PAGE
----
Oh, is it Shark Week already? I hadn't noticed, since I've been, as you might know, living every week like it's Shark Week.
So: I went to see Bruce Springsteen and the E Street Band at Giants Stadium on Sunday night. And what a show it was. I've never been to a concert of that magnitude, with a crowd so large. It was pretty wild. As far as the music, I have to say I was just blown away. You hear about a lot of older acts going on tour, playing hour-long sets and charging exorbitant ticket prices for a sub-par experience, but with these guys, it was not the case. In a three-hour set, there was only about ten minutes of dead time, mostly before the encore. It wasn't even really dead time, since Max Weinberg played for that space. Three hours! Without pause! It's incredible to see a group of people who play so well together performing just for the love of performing.
I've heard a lot about how Springsteen live is one of the greatest shows in rock and roll, a trek that every fan must make, lest they get to the end of their life and realize, "I never saw Springsteen in concert." I understand now the pilgrimage-to-Mecca kind of fervor some of the truest fans have: the show was like a religious experience. For a sixty-year-old man, Springsteen on stage is like a tent-revivalist. He walks all around, he lies down on the ground when the music or the emotion leads him to. The crowd plays their part, singing every word and ooh-ing along with him or without him. He even repeats phrases throughout the show, like "Can you feel the spirit in here tonight?" He repeats them over and over, and you hardly notice when he starts singing them, and before long, he's in the middle of the song and you're wondering where you were when it started. It was amazing to behold. When he played "Jungleland" (the necessity of the saxophone I only understand after seeing it performed live) followed immediately by "Born to Run," it was the closest thing I've ever seen to mass religious ecstacy. For the older crowd that grew up with this, and the younger crowd who is just now experiencing the frustration of being young and trapped, it was a moment of cross-generational connection.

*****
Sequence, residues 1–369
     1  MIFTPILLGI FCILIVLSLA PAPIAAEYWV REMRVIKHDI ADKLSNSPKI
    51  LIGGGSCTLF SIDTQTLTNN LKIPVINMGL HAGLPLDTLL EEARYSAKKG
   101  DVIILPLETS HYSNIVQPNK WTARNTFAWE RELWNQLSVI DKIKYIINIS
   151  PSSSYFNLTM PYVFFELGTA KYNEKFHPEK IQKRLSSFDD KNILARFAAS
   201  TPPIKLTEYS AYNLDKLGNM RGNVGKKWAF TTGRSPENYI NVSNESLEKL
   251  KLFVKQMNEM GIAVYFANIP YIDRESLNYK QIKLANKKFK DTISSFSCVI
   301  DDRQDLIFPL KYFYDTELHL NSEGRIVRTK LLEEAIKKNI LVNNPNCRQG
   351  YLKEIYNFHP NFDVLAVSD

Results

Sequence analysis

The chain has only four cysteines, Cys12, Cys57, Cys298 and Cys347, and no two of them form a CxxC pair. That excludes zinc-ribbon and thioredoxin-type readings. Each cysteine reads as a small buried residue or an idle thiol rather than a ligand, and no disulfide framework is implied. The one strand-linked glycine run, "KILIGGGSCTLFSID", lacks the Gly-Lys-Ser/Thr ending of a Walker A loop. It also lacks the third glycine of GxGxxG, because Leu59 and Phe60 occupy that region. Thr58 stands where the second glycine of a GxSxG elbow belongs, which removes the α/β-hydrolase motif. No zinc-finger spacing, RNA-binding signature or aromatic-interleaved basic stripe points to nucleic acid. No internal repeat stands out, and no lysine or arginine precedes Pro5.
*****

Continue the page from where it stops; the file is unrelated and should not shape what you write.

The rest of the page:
When he spun his guitar around his body three (or was it four?) times, the entire feeling of concert-as-religious-gathering was confirmed. Like the sign of the cross at the end of a Catholic Mass, it was a kind of benediction, a sending-forth into the wider world to go with peace.